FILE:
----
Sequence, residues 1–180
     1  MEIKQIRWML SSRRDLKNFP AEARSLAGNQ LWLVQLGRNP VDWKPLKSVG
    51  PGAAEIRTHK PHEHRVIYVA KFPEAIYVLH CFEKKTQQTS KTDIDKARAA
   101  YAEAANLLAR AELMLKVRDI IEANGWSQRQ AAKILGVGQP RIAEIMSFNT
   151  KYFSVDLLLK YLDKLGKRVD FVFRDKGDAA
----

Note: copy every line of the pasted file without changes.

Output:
Sequence, residues 1–180
     1  MEIKQIRWML SSRRDLKNFP AEARSLAGNQ LWLVQLGRNP VDWKPLKSVG
    51  PGAAEIRTHK PHEHRVIYVA KFPEAIYVLH CFEKKTQQTS KTDIDKARAA
   101  YAEAANLLAR AELMLKVRDI IEANGWSQRQ AAKILGVGQP RIAEIMSFNT
   151  KYFSVDLLLK YLDKLGKRVD FVFRDKGDAA